US 5539634 A
In a continuous sheetmaking process, a synthetic measurement is constructed having a higher signal-to-noise ratio than that of each original measurement in situations where more than one (redundant) measurements are available. The input-output dynamic characteristics of each measurement are assumed to be identical except for a gain factor. Using the synthetic measurement, system parameters can be identified in less time with fewer input disturbances. The invention is especially advantageous for application to processes that are expensive to disturb and in which the noise amplitude is high compared to the permissible amplitude of the put disturbance. The signal-to-noise enhanced time-series response measurement may be produced by selecting a time series response measurement that exhibits a greatest magnitude. Alternatively, it may be produced by averaging in the cross-direction a plurality of time series response measurements. Preferably, the enhanced signal-to-noise ratio time-series response measurement is produced, in appropriate circumstances, by taking the root mean square of a plurality of time-series response measurements in the cross-direction. The root-mean-square or average calculation can be conducted at each sample interval such that only the synthetic measurement series needs to be collected in storage but not the matrix of all original measurements.
1. For use in a sheetmaking process, a method of determining dynamic characteristics of a cross-directional control system having a plurality of substantially identical actuators arrayed in the cross-direction, the method comprising the steps of:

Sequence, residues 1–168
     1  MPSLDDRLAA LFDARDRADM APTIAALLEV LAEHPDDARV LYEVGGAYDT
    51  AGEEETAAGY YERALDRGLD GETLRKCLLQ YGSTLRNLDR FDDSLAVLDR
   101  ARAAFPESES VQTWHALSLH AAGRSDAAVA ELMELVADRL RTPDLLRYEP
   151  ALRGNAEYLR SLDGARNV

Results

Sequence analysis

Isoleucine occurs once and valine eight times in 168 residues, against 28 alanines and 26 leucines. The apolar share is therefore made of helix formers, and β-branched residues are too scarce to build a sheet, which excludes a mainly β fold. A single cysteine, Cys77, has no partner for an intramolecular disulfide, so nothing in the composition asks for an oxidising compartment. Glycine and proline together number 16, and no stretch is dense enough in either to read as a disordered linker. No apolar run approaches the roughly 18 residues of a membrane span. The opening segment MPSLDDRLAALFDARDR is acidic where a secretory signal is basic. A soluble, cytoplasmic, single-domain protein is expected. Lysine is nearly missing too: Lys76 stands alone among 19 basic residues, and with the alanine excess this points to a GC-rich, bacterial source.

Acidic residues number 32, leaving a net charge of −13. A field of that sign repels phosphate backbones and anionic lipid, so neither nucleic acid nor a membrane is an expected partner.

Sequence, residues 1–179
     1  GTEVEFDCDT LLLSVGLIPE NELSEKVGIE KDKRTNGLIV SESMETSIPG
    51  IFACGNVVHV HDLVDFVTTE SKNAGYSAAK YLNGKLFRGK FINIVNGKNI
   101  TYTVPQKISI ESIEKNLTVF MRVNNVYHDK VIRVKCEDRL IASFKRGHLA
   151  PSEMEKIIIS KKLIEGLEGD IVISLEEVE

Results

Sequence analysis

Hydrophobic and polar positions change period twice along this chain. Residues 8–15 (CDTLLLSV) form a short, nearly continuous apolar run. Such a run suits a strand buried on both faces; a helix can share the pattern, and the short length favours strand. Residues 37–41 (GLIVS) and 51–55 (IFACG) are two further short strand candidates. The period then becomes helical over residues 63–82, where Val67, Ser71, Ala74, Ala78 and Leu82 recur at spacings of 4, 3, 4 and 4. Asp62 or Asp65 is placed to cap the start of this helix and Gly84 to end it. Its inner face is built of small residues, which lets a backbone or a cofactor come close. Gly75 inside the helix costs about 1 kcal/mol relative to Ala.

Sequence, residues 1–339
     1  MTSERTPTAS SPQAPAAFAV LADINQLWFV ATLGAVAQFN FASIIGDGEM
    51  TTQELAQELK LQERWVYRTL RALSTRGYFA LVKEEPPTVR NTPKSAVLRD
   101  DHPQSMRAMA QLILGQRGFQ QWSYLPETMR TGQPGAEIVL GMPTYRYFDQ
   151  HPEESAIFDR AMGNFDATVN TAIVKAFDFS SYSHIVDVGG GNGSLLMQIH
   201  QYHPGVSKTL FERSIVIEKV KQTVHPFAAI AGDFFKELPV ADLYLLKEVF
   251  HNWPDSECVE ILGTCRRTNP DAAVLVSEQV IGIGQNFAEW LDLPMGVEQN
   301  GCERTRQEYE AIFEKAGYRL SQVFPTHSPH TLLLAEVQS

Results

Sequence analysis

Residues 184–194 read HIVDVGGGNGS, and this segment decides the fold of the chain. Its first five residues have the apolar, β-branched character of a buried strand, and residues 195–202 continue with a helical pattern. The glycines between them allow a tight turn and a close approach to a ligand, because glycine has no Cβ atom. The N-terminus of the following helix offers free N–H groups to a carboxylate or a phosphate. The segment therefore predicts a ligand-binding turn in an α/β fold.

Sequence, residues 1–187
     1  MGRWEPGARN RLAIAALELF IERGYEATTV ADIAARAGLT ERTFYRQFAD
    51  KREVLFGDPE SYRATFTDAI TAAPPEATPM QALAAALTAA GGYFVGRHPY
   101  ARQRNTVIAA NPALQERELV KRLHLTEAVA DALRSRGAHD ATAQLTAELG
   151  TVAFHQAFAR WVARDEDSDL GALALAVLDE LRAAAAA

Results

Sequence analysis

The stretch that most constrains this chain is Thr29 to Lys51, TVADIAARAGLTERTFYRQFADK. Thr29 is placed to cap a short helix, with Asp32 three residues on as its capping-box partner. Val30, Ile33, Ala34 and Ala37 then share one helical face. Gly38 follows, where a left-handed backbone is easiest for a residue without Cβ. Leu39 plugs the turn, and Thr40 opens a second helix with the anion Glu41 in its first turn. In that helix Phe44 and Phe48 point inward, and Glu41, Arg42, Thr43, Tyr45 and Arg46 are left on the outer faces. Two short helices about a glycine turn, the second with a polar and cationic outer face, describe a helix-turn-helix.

in the absence of any excitation signal,
(1) collecting a profile made up of a multiplicity of measurements at different locations in the cross-direction;
(2) aggregating said multiplicity of measurements to produce a noise estimate;
(3) collecting a further profile;
(4) using said further profile, updating said noise estimate;
(5) repeating steps (3) and (4) until said noise estimate does not change more than a specified amount;
(6) applying to a plurality of the actuators respective excitation signals of substantially equal magnitudes;
(7) collecting a profile made up of measurements at a multiplicity of different locations in the cross-direction;
(8) aggregating said multiplicity of measurements by using said noise estimate to calculate the Corrected Root-Mean-Square of said multiplicity of measurements to produce a single value;
(9) storing said single value; and
(10) repeating steps (7), (8) and (9) over a period of time of a response of the cross-directional control system to the excitation signals, to produce a resulting time-series.
1. Related Applications
The subject matter of the present application is related to U.S. patent application Ser. No. 07/901,044 filed Jun. 22, 1992 entitled Automatic Cross-Directional Controls Zone Alignment for Sheetmaking Systems now U.S. Pat. No. 5,400,258 and U.S. patent application Ser. No. 08/115,598 filed on even date herewith entitled Self-System Parameter Identification for Systems with Pure Time-Delay, both incorporated herein by reference.
2. Field of the Invention
The present invention relates to system identification of a cross-directional control system of a type used, for example, in sheetmaking process. In particular, the invention relates to techniques for increasing the signal-to-noise ratio of measurements used in identification of such systems.
3. State of the Art